Cablista, Northern Spain

 

The most memorable caving trips are not always the hardest, and for me a trip down Carlista in Northern Spain must rank highly on the value-for-energy-expended scale.

Four of us from the Lancaster University group exploring the eastern massif of the Picas de Europa & six Spaniards from S.E.I.I. (Madrid) who were caving there with us, had decided to take a few days off and do a tourist trip for a change. We left camp in the Picos mid morning and made our way eastwards along the coast, stopping frequently to admire the architecture and decor of the many bars along the way, before arriving at the seaside town of Loredo around teatime. A swim in the ocean was most welcome, especially after the many sweaty days spent in the high peaks, where the temperature of the melt water (1-2 °C) did not encourage frequent washing. Afterwards we went to a nearby open-air eatery to indulge in freshly barbecued squid & sardines with fresh bread & salad, washed down with copious quantities of wine. From there we continued driving to our destination, a disused miners, house now used as a cavers hut. The Spanish certainly know how to enjoy life. Instead of retiring at the unsociable hour of 1a.m, we (Los Ingleses) were treated by our hosts to an endless supply of Spanish delicacies washed down with an even more endless supply of booze. We crawled bloatedly into our pits at about 4 a.m. with little thought for tomorrows trip.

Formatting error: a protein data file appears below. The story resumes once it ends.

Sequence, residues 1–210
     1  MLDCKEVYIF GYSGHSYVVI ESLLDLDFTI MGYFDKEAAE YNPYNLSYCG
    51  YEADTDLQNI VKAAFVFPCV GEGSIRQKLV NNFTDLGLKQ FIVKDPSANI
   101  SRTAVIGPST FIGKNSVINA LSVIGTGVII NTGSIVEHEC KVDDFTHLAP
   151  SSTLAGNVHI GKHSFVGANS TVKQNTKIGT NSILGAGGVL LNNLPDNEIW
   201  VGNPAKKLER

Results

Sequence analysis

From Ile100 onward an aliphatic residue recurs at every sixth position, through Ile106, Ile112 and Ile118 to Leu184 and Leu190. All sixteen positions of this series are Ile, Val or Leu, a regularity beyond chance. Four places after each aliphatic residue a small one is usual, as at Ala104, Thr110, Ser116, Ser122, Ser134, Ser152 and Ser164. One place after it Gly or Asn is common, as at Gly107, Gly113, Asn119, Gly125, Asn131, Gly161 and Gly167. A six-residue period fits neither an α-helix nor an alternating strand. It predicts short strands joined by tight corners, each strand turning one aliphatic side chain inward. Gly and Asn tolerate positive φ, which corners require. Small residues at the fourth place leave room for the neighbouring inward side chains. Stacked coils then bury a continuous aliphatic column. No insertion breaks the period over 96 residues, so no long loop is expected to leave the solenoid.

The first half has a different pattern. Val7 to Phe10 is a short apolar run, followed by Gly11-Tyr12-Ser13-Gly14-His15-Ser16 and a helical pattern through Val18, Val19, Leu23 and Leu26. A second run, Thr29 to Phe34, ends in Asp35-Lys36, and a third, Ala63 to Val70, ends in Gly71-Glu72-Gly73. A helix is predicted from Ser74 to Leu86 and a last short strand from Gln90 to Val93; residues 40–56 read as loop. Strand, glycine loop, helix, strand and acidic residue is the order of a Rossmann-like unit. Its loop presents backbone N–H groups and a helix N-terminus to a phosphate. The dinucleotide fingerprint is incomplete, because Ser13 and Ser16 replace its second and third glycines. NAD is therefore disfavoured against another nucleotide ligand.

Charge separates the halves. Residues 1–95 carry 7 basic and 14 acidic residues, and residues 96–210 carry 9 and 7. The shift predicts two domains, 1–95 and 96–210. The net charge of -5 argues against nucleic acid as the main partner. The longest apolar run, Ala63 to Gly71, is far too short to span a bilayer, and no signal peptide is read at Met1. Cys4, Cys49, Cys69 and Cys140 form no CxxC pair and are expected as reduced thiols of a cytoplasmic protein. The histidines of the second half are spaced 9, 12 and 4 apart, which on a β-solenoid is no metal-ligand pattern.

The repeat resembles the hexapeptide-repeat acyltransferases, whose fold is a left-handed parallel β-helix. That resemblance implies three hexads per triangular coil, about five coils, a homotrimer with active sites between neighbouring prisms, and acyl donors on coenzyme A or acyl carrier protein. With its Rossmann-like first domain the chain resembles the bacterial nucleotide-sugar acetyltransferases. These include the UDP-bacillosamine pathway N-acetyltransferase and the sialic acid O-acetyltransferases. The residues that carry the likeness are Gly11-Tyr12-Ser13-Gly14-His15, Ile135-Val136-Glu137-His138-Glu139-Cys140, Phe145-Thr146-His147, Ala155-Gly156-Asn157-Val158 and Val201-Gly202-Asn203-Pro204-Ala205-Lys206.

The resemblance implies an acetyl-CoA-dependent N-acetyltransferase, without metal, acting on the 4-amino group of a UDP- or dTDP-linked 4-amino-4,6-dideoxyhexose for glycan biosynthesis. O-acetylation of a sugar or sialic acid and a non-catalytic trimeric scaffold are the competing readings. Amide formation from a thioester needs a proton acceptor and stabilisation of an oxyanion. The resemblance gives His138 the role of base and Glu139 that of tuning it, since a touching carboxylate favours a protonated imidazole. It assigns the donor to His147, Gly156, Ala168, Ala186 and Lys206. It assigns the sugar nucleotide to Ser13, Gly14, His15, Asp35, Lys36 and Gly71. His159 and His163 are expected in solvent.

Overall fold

The following day, I leapt out of bed at the crack of noon to find that three of the Spaniards had already left to go and tackle up the system. After a large breakfast which was basically a continuation of the previous evenings extravaganza, the rest of us followed suit, me bringing up the rear with an overly full gut and an excessive amount of photographic gear. After half an hour of trudging uphill in bright sunshine, I arrived at the top to find the others getting changed around a none too grand looking shaft, unnecessarily bespattered with half a dozen bolts from previous caving groups.